Sometimes it’s not a question of what you’re doing wrong, but what you could do better.
So you’ve finally graduated and got the first draft of your resume written. It may have taken you some time to get here, but you made it to the finish line and that is no easy feat. The first hurdle is getting through that mental block of procrastination and powering through its intimidation tactics, but once you do, you’ll find that sailing along the journey can be either be the easiest or hardest step towards job hunting.
It doesn’t take that long to write a resume, but it does take time to decide what to include and to organize the information logically. It is also advised to get help from a professional resume builder. Once it’s written, it’s usually best to step away from it for a day or some and then come back to it and see if there’s a way that you can make any improvements.
To anyone who has ever attempted to write a resume, writing a highly-efficient and powerful one doesn’t come easy. It can be especially challenging to truly show off the unique colours of your skills with more interdisciplinary and intersectional work facets coming together, and more people with multi-faceted skills bringing in their expertise to the growing global market. That’s why it’s critical to learn how to optimize your resumé as best as possible.
Think of your resume as a personal promotional advertisement. The main purpose of an ad is to give relevant information to the reader. The same is the case with your resume. A resume cherry-picks the most attention-grabbing, impressive and unique details about you, your work, and your skills. Any professional recruiter worth their weight in gold can tell in seconds the time any resume has to get noticed, so your resume should stand out from the cream of the crop.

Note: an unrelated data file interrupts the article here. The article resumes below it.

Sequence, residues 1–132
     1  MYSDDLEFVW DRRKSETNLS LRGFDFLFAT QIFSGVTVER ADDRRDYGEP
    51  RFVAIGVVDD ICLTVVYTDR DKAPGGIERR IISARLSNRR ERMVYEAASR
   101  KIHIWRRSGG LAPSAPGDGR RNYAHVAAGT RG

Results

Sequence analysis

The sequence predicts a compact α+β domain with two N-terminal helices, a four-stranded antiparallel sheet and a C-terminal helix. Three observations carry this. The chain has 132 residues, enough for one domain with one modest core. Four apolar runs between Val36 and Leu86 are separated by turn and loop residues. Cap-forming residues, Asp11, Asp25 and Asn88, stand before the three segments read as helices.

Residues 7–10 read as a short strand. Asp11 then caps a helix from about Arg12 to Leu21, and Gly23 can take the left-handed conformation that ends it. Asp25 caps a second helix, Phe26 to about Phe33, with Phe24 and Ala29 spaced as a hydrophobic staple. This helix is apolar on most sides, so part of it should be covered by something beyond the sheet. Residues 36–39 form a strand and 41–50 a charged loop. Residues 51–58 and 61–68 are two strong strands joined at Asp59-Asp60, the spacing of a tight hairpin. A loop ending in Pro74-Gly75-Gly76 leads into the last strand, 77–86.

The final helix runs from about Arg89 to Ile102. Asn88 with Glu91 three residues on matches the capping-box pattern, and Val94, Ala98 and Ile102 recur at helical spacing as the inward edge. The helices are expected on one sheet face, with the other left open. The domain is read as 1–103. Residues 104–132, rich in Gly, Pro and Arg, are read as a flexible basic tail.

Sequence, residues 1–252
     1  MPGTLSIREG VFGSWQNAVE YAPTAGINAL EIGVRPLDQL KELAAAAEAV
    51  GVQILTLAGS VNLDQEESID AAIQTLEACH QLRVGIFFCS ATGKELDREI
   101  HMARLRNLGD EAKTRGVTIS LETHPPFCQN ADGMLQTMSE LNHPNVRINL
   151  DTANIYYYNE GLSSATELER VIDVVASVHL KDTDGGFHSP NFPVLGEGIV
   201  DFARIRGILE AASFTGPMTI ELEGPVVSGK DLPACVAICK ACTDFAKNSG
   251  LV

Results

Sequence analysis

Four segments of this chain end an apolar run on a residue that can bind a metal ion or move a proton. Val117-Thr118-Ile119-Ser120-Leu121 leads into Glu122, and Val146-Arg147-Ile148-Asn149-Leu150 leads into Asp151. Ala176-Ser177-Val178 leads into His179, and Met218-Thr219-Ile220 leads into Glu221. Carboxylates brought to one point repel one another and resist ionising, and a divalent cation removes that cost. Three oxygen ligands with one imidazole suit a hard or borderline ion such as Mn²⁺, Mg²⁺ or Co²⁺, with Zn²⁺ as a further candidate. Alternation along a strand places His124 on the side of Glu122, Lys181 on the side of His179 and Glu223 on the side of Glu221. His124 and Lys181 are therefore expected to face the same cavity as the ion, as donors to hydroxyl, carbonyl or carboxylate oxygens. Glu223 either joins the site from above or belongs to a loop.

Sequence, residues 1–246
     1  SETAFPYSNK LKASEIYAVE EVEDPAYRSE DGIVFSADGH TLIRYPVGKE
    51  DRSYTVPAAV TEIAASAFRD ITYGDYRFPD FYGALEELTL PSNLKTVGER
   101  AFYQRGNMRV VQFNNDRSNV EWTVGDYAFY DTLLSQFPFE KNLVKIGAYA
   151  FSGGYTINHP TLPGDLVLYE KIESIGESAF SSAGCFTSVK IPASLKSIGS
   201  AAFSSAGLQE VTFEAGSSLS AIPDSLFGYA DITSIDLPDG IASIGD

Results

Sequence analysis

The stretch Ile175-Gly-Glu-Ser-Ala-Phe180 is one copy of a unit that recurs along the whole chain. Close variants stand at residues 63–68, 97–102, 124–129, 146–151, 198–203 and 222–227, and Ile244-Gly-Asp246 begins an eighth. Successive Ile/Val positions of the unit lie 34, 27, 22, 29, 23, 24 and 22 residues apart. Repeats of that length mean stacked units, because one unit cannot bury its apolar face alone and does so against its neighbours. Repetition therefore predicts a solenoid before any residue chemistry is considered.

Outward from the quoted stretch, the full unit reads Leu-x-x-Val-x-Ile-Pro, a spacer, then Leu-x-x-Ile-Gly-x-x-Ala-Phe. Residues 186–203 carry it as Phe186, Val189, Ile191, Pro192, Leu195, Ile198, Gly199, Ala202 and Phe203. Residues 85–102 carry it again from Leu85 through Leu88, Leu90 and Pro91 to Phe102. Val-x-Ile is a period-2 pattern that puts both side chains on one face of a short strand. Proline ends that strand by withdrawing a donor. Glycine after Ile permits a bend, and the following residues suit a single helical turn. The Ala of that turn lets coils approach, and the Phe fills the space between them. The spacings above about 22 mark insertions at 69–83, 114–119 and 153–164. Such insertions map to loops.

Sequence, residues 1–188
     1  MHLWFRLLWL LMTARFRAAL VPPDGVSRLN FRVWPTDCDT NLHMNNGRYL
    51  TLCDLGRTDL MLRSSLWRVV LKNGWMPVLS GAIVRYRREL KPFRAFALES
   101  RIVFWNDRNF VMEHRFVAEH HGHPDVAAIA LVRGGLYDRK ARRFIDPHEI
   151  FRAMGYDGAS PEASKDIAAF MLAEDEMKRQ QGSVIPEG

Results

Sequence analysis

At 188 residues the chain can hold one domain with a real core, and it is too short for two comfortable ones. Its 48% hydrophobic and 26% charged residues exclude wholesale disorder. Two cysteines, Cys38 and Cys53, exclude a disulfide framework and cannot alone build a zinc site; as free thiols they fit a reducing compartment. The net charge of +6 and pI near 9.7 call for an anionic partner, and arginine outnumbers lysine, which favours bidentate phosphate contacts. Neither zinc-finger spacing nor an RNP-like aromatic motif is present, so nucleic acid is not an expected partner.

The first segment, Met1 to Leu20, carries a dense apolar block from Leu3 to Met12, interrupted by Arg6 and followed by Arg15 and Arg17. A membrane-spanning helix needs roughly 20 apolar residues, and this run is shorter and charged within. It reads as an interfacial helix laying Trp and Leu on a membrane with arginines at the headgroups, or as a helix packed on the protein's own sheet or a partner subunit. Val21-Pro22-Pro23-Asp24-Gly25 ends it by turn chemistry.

In this extremely competitive market, your resume and cover letter must specifically mesh toward a particular opportunity. Here are some tips to help you get started.
1. First impressions are important
The first section of your resume should ideally showcase your bargaining chip: the value you’ll bring to an employer. The clever use of the headline and summary section should capture the reader’s superfluous attention by emphasising outstanding successes, experience, expertise and professional qualities.
If you’re a fresh graduate, include the Education section of your resume first. Since this is what you’ve been doing full-time over the past several years, it’s important to have Education included at the very top of the resume followed by a Relevant Coursework or Relevant Experience section right below. Under each heading, you will then want to include the most recent experience first.
It should be worth noting that most employers often skim resumes first to find the most qualified candidates before looking them over more carefully. With this vantage point, you should take extra care to highlight how you meet the specific qualifications of the internship or job right away. Finding a clever way to organize all of the information on a resume is often the most crucial part of the whole process.